Hunting with a Twist


A vigilant Chloe keeps an eye on her backyard from the living room.

The Cocker Spaniel has its origins as a legendary hunter and retriever of downed birds, and other small game animals for its master. Through centuries of breeding, the Spaniel’s hunting abilities are now instinctive. Known to trample through wet marshes and thick underbrush, the Cocker has become a hunting companion without equal. I’m amazed at Chloe’s keen interest in retrieving a simple rubber ball that I’ve thrown during times of play with no teaching of the traditional fetch game on my part.

The day we chose her from the kennel was my first experience of watching Chloe return a half-sized tennis ball that I rolled toward her, proving that her ability to understand retrieving was there at the start. Over time I’ve also witnessed her unique ability to adapt different hunting styles to fit the particular environment. When Chloe is in the mood to roam the backyard, she instinctively moves with stealth, orchestrating each of her four legs in a slow motion pattern as she stalks an unwitting predator, whether it be a bird, a lizard or even a bug crawling through the blades of grass.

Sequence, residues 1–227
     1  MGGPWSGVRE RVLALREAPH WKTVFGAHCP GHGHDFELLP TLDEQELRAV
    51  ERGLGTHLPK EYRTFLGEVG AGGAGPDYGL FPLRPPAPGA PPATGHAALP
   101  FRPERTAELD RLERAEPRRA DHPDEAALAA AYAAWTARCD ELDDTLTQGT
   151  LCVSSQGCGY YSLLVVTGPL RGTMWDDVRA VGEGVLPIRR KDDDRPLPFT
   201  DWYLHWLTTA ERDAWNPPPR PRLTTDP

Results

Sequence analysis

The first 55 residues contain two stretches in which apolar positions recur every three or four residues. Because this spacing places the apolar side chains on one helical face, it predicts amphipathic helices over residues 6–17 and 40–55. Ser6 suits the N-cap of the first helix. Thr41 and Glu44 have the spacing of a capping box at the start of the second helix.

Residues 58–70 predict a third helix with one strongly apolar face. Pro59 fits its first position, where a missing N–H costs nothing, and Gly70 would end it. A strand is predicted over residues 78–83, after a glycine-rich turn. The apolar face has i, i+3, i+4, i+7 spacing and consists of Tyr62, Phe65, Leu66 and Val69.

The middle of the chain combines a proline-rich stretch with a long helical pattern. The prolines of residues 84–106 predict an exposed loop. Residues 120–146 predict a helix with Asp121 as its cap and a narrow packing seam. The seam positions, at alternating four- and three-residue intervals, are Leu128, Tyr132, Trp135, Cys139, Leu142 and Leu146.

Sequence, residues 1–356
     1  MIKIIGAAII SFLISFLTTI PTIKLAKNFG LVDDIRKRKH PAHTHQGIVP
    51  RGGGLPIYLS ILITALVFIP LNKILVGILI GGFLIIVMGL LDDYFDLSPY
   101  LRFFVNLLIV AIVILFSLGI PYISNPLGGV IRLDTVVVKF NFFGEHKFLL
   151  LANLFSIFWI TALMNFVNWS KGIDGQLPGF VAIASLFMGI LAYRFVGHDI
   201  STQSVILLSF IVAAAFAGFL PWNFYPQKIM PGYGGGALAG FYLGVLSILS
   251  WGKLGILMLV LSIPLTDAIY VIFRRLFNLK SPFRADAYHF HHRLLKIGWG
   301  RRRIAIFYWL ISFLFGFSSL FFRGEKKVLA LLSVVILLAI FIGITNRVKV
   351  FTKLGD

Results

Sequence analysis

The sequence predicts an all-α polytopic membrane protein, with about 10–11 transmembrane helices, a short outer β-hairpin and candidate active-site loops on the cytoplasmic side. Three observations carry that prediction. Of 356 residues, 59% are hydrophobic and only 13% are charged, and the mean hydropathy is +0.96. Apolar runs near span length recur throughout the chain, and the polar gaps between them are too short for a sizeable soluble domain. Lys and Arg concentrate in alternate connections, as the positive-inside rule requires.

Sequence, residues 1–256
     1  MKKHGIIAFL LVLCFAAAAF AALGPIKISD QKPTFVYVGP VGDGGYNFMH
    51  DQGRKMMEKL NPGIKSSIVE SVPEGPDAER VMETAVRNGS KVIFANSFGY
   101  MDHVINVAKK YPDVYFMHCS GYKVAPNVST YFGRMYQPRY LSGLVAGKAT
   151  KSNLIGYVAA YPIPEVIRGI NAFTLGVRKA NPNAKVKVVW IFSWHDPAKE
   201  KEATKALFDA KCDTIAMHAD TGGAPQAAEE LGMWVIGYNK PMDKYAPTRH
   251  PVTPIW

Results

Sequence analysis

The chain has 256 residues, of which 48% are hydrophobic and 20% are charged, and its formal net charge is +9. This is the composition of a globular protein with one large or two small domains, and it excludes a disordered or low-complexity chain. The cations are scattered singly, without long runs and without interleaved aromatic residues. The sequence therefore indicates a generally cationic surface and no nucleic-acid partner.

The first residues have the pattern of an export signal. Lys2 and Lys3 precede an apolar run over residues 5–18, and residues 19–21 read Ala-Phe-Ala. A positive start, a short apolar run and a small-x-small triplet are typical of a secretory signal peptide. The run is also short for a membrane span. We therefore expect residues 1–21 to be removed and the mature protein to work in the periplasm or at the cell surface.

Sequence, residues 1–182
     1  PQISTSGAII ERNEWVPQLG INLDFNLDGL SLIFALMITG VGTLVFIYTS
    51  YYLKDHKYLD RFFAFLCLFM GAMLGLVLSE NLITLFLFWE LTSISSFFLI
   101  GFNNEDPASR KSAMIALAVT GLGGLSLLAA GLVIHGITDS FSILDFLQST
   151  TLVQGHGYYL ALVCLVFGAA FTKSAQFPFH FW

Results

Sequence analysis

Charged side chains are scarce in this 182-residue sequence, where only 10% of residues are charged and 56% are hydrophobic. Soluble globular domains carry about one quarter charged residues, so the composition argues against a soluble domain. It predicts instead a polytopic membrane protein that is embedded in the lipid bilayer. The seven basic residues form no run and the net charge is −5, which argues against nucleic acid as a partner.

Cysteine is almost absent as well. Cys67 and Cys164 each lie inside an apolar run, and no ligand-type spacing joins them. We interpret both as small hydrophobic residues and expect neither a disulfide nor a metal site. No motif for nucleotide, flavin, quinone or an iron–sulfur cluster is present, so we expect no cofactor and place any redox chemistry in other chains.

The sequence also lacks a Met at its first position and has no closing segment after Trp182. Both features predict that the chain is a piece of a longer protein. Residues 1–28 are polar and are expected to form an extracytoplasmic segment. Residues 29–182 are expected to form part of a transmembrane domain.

Of late, Chloe has adapted a new approach with a rather creative twist. Instead of stalking her prey, she's turned to observing her potential victim from the comfort of inside the living room. When the exterior patio door is set ajar, Chloe can easily keep guard of her backyard, particularly since her line of sight brings her within striking distance of the railroad tie wall and the patio’s decorative water fountain. A fountain I might add that has become a favorite watering hole for birds looking for a cool drink. You see Chloe has indeed elevated the art of hunting to a whole new game that includes not only her Spaniel cunningness, but her ability to now hunt from the relative comfort of the house. 

Chloe's backyard with the decorative fountain on her right...
Intense observations from a serious Cocker Spaniel...
With the prey spotted Chloe leaps into action!


  1. My grand daughter has an American cockers named Chloe. Twelve yrs old, she is our sweetheart but sadly she has liver failure and will not be with us much longer. I gave her to Tucie for Christmas when she was seven. Now she almost twenty one. So sad to lose our good friend Chloe. We know there's a heaven for dogs like our Chloe.


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